Quilting Tip #3…and the lies they tell

Ladies, we have been lied to all these years:  THE WORLD WILL NOT COME TO AN END IF YOU ADJUST YOUR BOBBIN TENSION.  This goes for longarm, midarm, and domestic sewing machines.  I don’t know why this lie got started.  Did it have something to do with sexism?  Were women considered too hairbrained to handle a screwdriver?  Perhaps adjusting bobbin tension would adversely affect the ovaries?

I do not blame Mrs. Gaska, my 7th grade home economics teacher, for telling me this lie.  I am sure ‘they’ lied to her too.  Feel free to use an eyeglass screwdriver to make incremental adjustments to your bobbin tension (righty-tighty, lefty-loosey), especially if you tend to run different weight threads in your bobbin.

Adjust the screw here with a screwdriver from an eyeglass repair kit.
Adjust the screw here with a screwdriver from an eyeglass repair kit.

As a general rule, I run my bobbin thread as loose as possible on my longarm–much looser than the manufacturers’ typical recommendation.  This means I am less likely to have too-tight tension on the back of the quilt, where I can’t easily see it until I have quilted way too many stitches to want to remove.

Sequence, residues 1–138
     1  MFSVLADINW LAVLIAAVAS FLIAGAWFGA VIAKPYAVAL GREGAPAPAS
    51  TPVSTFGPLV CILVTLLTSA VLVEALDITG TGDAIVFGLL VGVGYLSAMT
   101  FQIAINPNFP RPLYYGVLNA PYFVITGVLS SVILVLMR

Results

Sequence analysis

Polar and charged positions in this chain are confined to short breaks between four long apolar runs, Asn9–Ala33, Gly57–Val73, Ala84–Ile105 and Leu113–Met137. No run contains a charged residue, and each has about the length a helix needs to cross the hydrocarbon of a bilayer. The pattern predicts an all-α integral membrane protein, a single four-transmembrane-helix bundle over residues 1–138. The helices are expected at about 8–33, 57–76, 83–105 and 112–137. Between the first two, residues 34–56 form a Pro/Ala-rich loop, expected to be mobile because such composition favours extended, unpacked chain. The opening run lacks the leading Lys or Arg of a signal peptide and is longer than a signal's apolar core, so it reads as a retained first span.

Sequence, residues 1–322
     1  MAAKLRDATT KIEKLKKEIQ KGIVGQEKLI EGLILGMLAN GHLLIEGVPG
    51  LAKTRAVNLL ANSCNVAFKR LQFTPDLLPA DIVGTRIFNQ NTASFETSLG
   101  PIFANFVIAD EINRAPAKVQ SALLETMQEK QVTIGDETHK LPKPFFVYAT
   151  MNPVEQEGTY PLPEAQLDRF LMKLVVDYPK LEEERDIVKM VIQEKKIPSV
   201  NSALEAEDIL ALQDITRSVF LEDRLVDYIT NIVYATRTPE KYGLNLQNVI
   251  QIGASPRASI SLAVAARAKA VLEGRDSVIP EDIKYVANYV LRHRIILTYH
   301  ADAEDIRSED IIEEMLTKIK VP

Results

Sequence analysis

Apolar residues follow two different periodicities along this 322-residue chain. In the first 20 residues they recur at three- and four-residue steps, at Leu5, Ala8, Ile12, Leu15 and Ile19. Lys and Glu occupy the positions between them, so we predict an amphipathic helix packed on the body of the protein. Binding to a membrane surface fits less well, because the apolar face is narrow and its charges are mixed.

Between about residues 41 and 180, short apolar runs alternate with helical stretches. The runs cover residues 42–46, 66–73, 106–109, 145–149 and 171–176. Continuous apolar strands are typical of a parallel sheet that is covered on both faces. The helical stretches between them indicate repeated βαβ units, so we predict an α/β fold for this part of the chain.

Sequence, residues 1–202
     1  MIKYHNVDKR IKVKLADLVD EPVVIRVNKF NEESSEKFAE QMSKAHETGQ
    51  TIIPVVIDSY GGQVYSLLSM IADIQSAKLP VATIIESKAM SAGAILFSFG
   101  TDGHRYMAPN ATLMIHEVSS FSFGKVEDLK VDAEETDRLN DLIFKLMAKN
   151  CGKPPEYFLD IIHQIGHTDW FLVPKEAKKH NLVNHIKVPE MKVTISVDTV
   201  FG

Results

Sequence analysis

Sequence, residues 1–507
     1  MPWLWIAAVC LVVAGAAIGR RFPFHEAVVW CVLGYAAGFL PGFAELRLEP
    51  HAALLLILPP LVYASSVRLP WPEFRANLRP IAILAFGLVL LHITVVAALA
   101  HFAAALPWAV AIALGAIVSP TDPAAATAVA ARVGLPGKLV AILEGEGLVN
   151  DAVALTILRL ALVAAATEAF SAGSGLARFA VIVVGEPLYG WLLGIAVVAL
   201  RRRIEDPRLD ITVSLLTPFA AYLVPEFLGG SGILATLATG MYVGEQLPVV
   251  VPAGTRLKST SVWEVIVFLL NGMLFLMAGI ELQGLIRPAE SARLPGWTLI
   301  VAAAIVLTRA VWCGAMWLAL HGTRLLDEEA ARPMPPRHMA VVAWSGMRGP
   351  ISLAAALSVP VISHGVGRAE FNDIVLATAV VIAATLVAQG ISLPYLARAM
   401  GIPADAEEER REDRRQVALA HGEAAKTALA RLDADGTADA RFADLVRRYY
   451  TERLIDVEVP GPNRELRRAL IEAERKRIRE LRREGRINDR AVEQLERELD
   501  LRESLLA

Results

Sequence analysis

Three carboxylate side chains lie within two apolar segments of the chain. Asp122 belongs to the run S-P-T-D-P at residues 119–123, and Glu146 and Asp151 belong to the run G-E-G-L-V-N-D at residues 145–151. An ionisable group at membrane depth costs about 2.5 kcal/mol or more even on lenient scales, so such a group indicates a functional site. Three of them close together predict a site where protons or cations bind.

What lies have the quilt police told you?

 

2 thoughts on “Quilting Tip #3…and the lies they tell

  1. These are hilarious, Neroli! I am so glad you got over all the negative advice and started doing what your heart and head wanted.

  2. Ah so many lies – this one is a good one though. Below are my other favourites:

    You must learn how to sew points before you can do any creative work.

    You can’t design / sell (fusible patterns) until you know how to do a scant 1/4″ seam (and of course the above mentioned points)

    Bindings must be done in the conventional fashion – and stitched on at the back

    You have to match your top machine thread with your bobbin (seriously? Where did this one come from?)

    You can’t sew free motion with metallic threads in the top and bottom

    If your machine isn’t sewing well it’s as it doesn’t sew that brand / type etc

    You should never mix synthetics with natural fibres

    You can never cross over your line of stitching when free motioning

    I’m sure I have enough for my own blog post here. These actually put me off quilting for a year or so about 6 months after I started. Silly, silly me. All are so very wrong and I do perfectly nice quilt (with sound construction) without heeding a single one.

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